“We are receiving what we deserve for our deeds. (Luke 23:41)
Every other day, it seems, the New Orleans newspaper tells of some group angry at a government entity for not “giving us what we have coming.”
Following Hurricane Katrina (August/September 2005), the federal government (in embodiments such as FEMA and the Corps of Engineers) arrived with billions of dollars to restore the city of New Orleans and help people rebuild their flooded homes. I have no idea how many billions were paid out, but the lasting remembrance some of us will carry to our graves are the disgruntled home-owners complaining about “not receiving my fair share.”
Recently a lawsuit was settled with the government handing out additional truckloads of cash. Plaintiffs claimed their homes had been appraised by the feds on the basis of what they were worth pre-Katrina and not what it would take to rebuild them.
The letters to the editor page regularly features stories from citizens not getting their fair share.
Watch for it in your area too. It’s coming. Belly-aching residents who are not getting what they deserve. It’s a national disease.
It’s all about justice.
In justice, I get my fair share. I get what’s coming to me. What I deserve.
Last week, as I write, untold millions watching the Casey Anthony trial from Orlando were stunned when the jury acquitted her of any responsibility in the death of her little daughter. A hue and cry went up from across the nation calling for justice.
I don’t know about you, my friend, but I do not want justice. Not in any shape or form.
I want mercy.
Mercy is when I do not get what’s coming to me.
And grace, to complete this dualism, is when we do get what we did not deserve. Mercy turns the guilty loose; grace finds him a job and a place to live. Mercy is the absence of punishment; grace is the presence of blessing.
Mercy is what the psalmist was celebrating when he said, “He (God) has not dealt with us according to our sins, nor rewarded us according to our iniquities” (Psalm 103:10).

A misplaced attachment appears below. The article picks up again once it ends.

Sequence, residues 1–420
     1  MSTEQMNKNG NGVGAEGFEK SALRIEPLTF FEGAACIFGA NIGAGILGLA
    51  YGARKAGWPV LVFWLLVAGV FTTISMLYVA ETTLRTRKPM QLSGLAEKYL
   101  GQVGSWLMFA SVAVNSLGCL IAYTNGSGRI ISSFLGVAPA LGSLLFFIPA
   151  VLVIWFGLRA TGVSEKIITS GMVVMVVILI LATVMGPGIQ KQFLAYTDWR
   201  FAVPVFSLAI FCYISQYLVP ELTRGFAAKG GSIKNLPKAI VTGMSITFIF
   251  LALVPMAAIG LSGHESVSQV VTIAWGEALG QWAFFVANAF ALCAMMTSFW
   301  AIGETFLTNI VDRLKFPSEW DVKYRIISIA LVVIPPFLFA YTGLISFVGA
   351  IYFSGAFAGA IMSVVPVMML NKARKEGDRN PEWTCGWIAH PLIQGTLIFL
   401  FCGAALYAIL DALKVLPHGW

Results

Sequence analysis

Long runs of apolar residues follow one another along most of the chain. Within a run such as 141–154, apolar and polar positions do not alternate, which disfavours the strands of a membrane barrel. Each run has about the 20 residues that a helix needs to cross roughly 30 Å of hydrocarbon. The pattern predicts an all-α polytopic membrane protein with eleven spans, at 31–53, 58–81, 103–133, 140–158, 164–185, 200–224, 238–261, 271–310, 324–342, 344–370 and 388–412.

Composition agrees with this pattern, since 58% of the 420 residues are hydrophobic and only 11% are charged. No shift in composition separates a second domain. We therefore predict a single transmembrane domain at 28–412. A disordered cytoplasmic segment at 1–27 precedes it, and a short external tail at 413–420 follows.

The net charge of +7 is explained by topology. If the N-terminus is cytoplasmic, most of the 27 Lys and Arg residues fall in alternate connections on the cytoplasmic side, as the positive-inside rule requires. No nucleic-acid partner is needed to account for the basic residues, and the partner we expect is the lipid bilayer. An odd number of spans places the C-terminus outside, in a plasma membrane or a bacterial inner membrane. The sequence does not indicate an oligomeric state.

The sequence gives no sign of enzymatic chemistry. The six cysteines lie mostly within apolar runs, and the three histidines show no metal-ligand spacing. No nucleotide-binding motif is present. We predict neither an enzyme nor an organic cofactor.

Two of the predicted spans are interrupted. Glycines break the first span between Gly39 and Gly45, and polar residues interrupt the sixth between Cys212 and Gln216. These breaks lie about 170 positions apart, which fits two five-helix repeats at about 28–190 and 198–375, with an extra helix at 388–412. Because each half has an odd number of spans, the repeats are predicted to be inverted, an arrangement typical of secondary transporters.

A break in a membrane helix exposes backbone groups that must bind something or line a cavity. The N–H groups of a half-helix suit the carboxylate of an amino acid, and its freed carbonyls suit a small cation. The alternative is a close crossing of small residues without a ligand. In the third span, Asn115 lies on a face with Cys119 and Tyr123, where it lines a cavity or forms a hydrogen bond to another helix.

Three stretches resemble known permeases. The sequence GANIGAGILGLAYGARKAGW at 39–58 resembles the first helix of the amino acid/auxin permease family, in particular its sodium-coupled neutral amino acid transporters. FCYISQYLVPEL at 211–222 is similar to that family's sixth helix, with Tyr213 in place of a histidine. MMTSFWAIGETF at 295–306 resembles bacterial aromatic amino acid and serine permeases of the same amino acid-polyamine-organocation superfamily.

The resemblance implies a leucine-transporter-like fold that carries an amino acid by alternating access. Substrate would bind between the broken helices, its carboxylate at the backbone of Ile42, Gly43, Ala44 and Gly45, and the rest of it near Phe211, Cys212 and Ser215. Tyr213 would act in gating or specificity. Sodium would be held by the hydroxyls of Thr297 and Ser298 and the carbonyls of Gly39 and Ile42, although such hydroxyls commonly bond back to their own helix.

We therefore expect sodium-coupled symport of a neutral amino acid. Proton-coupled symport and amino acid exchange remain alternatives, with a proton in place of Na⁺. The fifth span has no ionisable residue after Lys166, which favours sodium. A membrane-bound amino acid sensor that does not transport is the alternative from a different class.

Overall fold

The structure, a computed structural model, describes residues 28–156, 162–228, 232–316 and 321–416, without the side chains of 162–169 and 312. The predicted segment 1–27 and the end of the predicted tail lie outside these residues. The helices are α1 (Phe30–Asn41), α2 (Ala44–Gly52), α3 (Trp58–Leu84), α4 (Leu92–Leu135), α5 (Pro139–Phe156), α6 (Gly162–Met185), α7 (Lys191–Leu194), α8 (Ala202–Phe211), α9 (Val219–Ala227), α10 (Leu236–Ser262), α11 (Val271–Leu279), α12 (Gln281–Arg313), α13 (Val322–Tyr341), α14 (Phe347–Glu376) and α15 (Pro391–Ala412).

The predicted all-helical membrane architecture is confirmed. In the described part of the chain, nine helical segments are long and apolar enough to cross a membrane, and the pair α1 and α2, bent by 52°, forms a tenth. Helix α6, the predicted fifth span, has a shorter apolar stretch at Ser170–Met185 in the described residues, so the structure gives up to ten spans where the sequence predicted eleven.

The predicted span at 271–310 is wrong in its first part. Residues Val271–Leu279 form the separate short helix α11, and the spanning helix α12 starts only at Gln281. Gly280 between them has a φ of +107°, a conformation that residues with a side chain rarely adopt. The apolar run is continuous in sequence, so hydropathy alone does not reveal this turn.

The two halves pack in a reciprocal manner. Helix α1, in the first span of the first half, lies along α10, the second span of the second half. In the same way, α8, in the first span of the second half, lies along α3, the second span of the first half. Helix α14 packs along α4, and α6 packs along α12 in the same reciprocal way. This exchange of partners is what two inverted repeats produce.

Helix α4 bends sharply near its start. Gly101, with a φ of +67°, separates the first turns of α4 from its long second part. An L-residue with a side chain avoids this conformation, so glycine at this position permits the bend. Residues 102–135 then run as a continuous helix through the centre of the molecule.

My beloved friend James Richardson used to tell of a headstrong fellow bellowing in a church business meeting, “Well, all I want is what’s coming to me.” A little lady sitting behind him muttered, “Sit down, Henry. If you got what was coming to you, you’d be in hell.”
Amen. Me, too.
In “The Great Divorce,” C. S. Lewis tells of a busload of residents from hell checking out Heaven to see if they would like to transfer. It turns out that people from hell are transparent, ghostlike, whereas everything in Heaven–including the people–are so solid even the grass is like iron.
Lewis relates several (imaginary, of course) conversations between the visitors and saints who have been sent to explain matters. An Anglican priest from hell (!) resists Heaven because he prefers to be open to new truth and not confine himself to narrow doctrine. He wants to continue his participation in a theological society they’ve formed in hell. An angry woman (“the grumbler”) cannot get past how poorly she was treated in her earthly years–at home, by her friends, in the nursing home. She is unable to consider the possibility of swapping her anger for something glorious and eternal. Lewis describes a vamp whose earthly life was spent flirting and seducing and even though she is now encountering glorified residents of Heaven, cannot turn it off. Some are ready to leave Heaven when they find that people they have hated on earth are present, and they might have to face them.
The encounter that lingers with me longest, however, was between a man who had been a “Big Boss” on earth and a former employee of his company. (Lewis calls them “Big Ghost” and “one of the bright people.”)
The Big guy says, “Look at me, now. I gone straight all my life. I don’t say I was a religious man and I don’t say I had no faults, far from it. But I done my best all my life, see? I done my best by everyone, that’s the sort of chap I was. I never asked for anything that wasn’t mine by rights. If I wanted a drink I paid for it and if I took my wages I done my job, see? That’s the sort I was and I don’t care who knows it.”
The saint says, “It would be much better not to go on about that now.”
“Who’s going on? I’m not arguing. I’m just telling you the sort of chap I was, see? I’m asking for nothing but my rights. You may think you can put me down because you’re dressed up like that (which you weren’t when you worked under me) and I’m only a poor man. But I got to have my rights same as you, see?”
“Oh no,” said the bright one. “It’s not so bad as that. I haven’t got my rights, or I should not be here. You will not get yours either. You’ll get something far better. Never fear.”
The big ghost says, “That’s just what I say. I haven’t got my rights. I always done my best and I never done nothing wrong. And what I don’t see is why I should be put below (you).”
The conversation goes on in this vein a bit. Finally, tiring of hearing his former boss extol his virtues–he’s never done wrong, he only wants his rights–the heavenly one says: